Artane is a prescription drug approved by the Food and Drug Administration (FDA) in 1949 to treat motor symptoms in all forms of Parkinsonism. Artane is often prescribed to younger people with Parkinson’s Disease. Artane is also referred to by its drug name, trihexyphenidyl.
Artane is not suitable for use in people with tardive dyskinesia or narrow-angle glaucoma, or who have previously shown hypersensitivity to trihexyphenidyl. Artane must be used with caution in people with mental disorders, arteriosclerosis, enlarged prostate, fast heart rate (tachycardia), liver or kidney disease, or problems with the heart, stomach, or blood pressure. Artane may not be appropriate for women who are pregnant or breastfeeding.
Artane is a member of a class of drugs called anticholinergics. Artane is believed to work by influencing the balance of brain chemicals called neurotransmitters. Neurotransmitters enable the transmission of messages between nerves.
Some medications are available both as generic and branded products. Although generic and branded formulations of a drug contain the same active ingredients at the same concentrations, your body may react differently to different formulations. Check with your doctor before switching between drug brands or between generic and branded drugs.
How do I take it?
Your doctor may recommend that you receive a thorough eye exam from your ophthalmologist before you begin taking Artane.
Artane may be taken orally as a tablet, extended-release capsule, or liquid. Depending on which formulation of Artane you take, your doctor may instruct you to take it one to four times a day. Take Artane with food or milk to prevent stomach upset.
Do not drink alcohol while you are taking Artane. Alcohol can increase the intensity of some side effects.
Avoid driving or operating machinery while using Artane until you understand how it affects you.
Artane may cause you to stop sweating, also known as anhidrosis. Consult your doctor about changing your dosage of Artane during hot weather.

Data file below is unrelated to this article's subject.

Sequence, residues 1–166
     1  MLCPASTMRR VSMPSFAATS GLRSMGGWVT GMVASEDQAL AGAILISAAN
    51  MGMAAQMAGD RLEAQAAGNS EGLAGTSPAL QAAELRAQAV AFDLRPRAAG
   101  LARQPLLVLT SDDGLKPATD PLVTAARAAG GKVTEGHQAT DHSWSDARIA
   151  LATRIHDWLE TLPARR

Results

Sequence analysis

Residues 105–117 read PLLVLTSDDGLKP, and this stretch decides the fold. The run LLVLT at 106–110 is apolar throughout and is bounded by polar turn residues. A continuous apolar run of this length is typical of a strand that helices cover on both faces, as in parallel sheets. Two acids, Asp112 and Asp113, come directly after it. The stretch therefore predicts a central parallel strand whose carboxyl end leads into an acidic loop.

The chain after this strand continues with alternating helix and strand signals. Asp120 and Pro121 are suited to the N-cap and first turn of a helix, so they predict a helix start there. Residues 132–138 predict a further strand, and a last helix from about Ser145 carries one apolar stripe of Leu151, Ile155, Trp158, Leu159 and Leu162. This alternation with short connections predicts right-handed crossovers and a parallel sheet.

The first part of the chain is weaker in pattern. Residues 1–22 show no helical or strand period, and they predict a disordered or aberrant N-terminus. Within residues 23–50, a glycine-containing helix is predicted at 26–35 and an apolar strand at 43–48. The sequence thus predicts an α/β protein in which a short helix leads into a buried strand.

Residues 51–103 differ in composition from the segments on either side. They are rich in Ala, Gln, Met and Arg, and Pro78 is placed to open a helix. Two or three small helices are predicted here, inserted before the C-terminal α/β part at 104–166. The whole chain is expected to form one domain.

Do not stop using Artane suddenly. If you decide to stop using Artane, form a plan with your doctor for gradually tapering off your dosage to avoid withdrawal symptoms.
Always follow your doctor’s instructions exactly when taking Artane.
A 2009 article reviewed the results of nine clinical trials investigating the effectiveness and tolerability of anticholinergics such as Trihexyphenidyl (Artane) for motor symptoms of Parkinson’s Disease. The review covered the results of nine trials with a total of 221 participants. Researchers concluded that anticholinergics are an effective treatment for motor symptoms of Parkinson’s Disease, especially tremors, but cause significant mental side effects.
Common side effects of Artane include drowsiness, dry mouth, difficulty or pain during urination, constipation, nervousness, vision changes, and increased sensitivity of your eyes to light. Artane may cause some symptoms of mental disorders to become more intense. Tell your doctor if these side effects become worse.
Inform your doctor immediately if you experience a fast, pounding, or uneven heartbeat, fever, vomiting, weight loss, depression, extreme weakness, confusion, hallucinations, impulsive or psychotic behavior, vision changes, or eye pain while taking Artane.
Many drugs can cause allergic reactions that in the most serious cases, can result in death. Seek immediate medical help if you experience signs of a severe allergic reaction such as hives, difficulty breathing, or swelling in the face, throat, eyes, lips, or tongue.